There are many tools that help a business person keep ahead of the curve! For example, if you are in charge of the social media for your company, you can use a bulk SMS service to schedule your social messages well in advance, thus freeing up your time for other tasks.
#7 Holiday parties – good fellowship
Because most work places have a diverse workforce, “holiday” parties rather than “Christmas” parties are typically held.
Whatever your work gathering may be called, remember that its main purpose is to develop camaraderie and good fellowship between you and your colleagues. The sentiments of the holiday season are the same – peace on earth, good will toward all.
#8 Your home holiday tasks
It’s fun to go out the day before Christmas and see the lights and the decorations and to people watch.
It’s not quite so fun if you’re trying to do last minute shopping and have to wait in line to buy things!
Here’s how to ease much of the stress of your own holiday tasks.
- Decide on your party decorations early. If you don’t use the same decorations every year – which would be a nice tradition to develop – purchase them as soon as they show up in stores before Halloween!
- Decide on your menu early. Confirm any food allergies and have dishes suitable for all to eat. Divide up the cooking with your committee members.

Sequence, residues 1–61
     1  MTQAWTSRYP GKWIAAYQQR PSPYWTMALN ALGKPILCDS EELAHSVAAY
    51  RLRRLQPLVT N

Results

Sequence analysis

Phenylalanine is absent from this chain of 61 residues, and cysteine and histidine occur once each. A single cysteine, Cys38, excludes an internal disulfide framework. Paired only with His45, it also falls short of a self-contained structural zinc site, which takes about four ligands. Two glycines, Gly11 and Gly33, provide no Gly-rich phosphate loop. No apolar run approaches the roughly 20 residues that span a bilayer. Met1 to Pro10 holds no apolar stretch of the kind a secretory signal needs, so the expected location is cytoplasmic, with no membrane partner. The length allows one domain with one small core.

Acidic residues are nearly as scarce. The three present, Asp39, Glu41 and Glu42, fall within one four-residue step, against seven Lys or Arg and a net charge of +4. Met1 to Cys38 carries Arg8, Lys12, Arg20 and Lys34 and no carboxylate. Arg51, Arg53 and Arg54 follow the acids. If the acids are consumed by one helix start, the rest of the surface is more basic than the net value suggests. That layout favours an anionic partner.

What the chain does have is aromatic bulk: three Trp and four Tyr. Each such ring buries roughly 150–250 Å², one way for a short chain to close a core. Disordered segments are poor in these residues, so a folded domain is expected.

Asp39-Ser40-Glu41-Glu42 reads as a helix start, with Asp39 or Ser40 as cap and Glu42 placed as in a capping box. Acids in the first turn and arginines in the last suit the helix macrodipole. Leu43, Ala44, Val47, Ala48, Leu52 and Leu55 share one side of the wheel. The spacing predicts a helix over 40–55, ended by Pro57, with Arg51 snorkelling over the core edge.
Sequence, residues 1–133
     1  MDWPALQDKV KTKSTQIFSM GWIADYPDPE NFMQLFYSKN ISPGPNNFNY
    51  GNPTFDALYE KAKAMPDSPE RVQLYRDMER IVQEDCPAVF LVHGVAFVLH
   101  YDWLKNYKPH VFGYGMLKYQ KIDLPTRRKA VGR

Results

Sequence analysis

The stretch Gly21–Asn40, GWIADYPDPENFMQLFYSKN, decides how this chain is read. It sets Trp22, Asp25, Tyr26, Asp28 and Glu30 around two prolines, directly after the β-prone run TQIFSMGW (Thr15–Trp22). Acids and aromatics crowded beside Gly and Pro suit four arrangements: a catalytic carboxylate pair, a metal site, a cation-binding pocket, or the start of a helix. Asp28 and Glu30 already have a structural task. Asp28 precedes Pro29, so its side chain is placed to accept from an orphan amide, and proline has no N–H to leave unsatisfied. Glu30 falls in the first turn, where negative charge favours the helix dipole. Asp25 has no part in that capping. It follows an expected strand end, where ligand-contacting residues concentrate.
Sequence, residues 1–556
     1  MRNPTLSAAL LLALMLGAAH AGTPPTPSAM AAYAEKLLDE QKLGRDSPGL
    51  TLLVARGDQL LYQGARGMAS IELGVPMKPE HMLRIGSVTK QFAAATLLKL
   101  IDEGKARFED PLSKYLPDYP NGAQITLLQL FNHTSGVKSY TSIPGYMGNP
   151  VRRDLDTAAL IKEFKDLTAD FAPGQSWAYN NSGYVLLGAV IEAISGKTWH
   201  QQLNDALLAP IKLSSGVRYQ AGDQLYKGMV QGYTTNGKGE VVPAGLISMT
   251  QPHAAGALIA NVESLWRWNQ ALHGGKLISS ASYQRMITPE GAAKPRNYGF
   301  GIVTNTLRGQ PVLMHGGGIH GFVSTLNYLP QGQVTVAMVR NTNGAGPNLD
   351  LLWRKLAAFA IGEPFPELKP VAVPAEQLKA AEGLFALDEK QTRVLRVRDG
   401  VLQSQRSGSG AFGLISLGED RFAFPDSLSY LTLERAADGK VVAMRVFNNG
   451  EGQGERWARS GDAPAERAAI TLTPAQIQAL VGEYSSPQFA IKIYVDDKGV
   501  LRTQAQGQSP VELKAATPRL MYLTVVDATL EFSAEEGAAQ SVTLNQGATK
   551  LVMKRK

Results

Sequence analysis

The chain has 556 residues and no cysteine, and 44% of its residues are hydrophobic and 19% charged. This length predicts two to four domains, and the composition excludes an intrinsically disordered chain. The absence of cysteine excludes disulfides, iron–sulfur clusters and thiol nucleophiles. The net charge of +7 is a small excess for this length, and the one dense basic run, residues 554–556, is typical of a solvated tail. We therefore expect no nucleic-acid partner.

- Make a list and check it twice. By purchasing presents throughout the year, you eliminate the need for any last-minute shopping. Gift certificates make great stocking stuffers. If you don’t know a family member well enough to purchase – or make – a personalized gift, give a gift certificate.
- Depending on how large your family is, choose lots, so that each person buys – or makes – a gift for one other person. Too many people go into debt unnecessarily over the holidays. Remember the reason for the season – whether it’s a religious one or one of good fellowship, don’t go into debt!
- After the party is over, pack all decorations away carefully, in boxes or storage containers clearly labeled, and place them in the same location each year, so you can find them easily the next year!
Bonus tip: Bring some holiday joy to the lonely.
If you know someone who will be alone for the holidays, for whatever reason, why not invite them to join an outing with your family?
Or perhaps spend a few hours volunteering – serving at a food kitchen, perhaps, or playing music at a retirement home.
The holidays should be a joyous time of the year. You can help make it so, not only for yourself and your family, but for others in your community. It all comes down to planning, planning, and more planning. And having fun when the planning’s done!